Every contractor will say, privately, that they always price up to the specification on the assumption that they will make no profit at all. They make their profit from variations, because however good they are—and we have improved a lot since the days of that anecdote—they will always have problems in specifying.

I deal with big multinational companies that outsource various things. They will say that they have the same problems in specifying those issues. The process is very difficult. We can get better at it; we can share expertise, as was said earlier. Indeed, direct labour organisations did that through the Association of Direct Labour Organisations and other arrangements—expertise was beginning to be shared. With PFI/PPP, however, a lot of that good work has disappeared or has been dissipated.

Alex McLuckie: Competition is nothing new in catering and cleaning; we have had it for a long time under CCT. Given a fair wind, the direct labour organisation or direct service organisation can provide the service as well as the private sector can. We sometimes lose sight of the difficulty. The DSO is not given the opportunity to compete because of the information that is given out at an early stage where there has to be a transfer of risk. That is an important issue for DSOs. Competition is nothing new to cleaning and catering DSOs.

The problem with PFI/PPP is the concept that there must be a transfer to the private sector. There is competition between one or two private sector companies to provide a service. In a consortium, no one company deals with every aspect. A catering company deals with the catering, a cleaning company deals with the cleaning and a maintenance company deals with the maintenance. They all come together and no one company does everything.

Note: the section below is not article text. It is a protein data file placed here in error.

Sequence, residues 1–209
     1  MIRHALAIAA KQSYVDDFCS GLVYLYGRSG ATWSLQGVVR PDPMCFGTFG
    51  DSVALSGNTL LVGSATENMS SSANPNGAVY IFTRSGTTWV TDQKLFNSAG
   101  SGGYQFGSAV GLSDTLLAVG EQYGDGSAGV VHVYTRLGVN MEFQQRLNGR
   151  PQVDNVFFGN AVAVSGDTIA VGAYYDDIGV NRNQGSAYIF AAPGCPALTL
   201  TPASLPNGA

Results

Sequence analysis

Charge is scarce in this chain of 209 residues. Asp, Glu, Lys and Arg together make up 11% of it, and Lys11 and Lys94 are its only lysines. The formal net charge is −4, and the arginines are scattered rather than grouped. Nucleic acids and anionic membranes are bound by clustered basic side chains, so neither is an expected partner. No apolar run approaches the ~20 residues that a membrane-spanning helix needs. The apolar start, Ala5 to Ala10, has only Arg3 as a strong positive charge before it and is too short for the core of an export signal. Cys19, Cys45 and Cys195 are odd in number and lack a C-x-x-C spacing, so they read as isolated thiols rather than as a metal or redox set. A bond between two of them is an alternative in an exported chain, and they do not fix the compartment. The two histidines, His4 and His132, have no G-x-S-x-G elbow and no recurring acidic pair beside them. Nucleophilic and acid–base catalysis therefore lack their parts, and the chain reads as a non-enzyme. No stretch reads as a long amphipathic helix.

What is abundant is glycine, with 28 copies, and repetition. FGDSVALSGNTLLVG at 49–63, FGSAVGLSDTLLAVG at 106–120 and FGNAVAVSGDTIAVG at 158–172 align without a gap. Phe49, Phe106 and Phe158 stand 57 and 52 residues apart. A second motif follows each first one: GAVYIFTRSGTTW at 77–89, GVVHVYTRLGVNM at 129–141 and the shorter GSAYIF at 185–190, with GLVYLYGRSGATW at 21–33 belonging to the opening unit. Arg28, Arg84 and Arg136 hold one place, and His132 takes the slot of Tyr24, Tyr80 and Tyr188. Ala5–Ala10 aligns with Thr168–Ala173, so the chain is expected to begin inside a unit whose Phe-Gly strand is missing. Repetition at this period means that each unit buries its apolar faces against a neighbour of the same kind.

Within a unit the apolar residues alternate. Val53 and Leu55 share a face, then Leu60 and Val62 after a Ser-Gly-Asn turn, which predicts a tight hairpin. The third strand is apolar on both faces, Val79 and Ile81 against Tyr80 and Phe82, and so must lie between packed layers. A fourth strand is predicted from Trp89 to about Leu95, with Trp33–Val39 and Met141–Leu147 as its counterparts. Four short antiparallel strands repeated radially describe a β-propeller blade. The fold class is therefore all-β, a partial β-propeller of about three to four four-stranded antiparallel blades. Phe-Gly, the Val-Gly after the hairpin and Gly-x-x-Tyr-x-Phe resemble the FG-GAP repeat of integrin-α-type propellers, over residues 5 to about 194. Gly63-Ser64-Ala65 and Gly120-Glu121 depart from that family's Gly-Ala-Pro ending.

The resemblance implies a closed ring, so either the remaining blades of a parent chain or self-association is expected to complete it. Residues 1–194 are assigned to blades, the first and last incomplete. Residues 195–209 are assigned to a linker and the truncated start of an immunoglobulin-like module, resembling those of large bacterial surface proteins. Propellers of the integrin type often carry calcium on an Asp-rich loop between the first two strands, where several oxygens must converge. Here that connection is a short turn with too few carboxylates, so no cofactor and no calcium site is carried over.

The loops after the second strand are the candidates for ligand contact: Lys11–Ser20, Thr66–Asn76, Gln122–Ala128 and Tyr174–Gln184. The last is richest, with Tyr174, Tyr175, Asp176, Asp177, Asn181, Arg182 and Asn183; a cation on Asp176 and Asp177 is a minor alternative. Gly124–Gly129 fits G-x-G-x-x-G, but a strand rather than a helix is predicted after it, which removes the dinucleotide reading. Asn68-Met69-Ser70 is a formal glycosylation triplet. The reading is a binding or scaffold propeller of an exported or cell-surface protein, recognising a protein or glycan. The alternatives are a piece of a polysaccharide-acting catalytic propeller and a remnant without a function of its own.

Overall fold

If we are serious about best value, we have to consider all the providers, including in-house provision. That is not happening, however, because ill-informed people—or perhaps well-informed people who are determined on taking a certain route—are saying that there has to be a transfer. I believe that, when bids are considered against a contract specification, the DSO could compete for and win those contracts. Our difficulty is that we are not being allowed to because of the

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way in which people are interpreting the rules.

The Convener: We have exhausted our questions. I thank the trade unions and Professor Beaumont for giving evidence. On a couple of issues, we might want further concrete examples from you. You said that some local authorities have blocked the issuing of details of PPP/PFI contracts. If you have specific examples of that, we would be interested to see them. One of your summary points says:

"Many schemes are not affordable and result in substantial cuts in services."

If you have specific examples of that, again, we would like to see them. We will probably consider a number of other issues from your evidence; if you could supply us with further evidence on or examples of those, that would help the committee.

Elaine Thomson: We have been interested in examples of traditional or conventional public procurement that meet modern standards and provide the best project management. We would be interested in some examples of that.

The Convener: I thank our witnesses again for their evidence, which we will ponder. I suggest that we take a short break for three or four minutes. Our next items will be in private.

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Alasdair Morgan: I have one point to mention before we go into private. It is important to mention it in public. It had not quite clicked with me, convener, that you declared your membership of the Scottish Parliamentary Corporate Body. The committee has an unusual role in that we scrutinise the accounts of the SPCB. How do you intend to address that issue the next time that it crops up?

The Convener: I have asked the clerk for advice on any potential conflicts of interest that relate to that. While I remain a member of the SPCB, my intention is to step aside from any discussions on that matter and hand over the chair to the deputy convener. I hope that you will bear with me until I get advice from the clerk on the issue.

12:07

Meeting adjourned until 12:15 and thereafter continued in private until 12:52.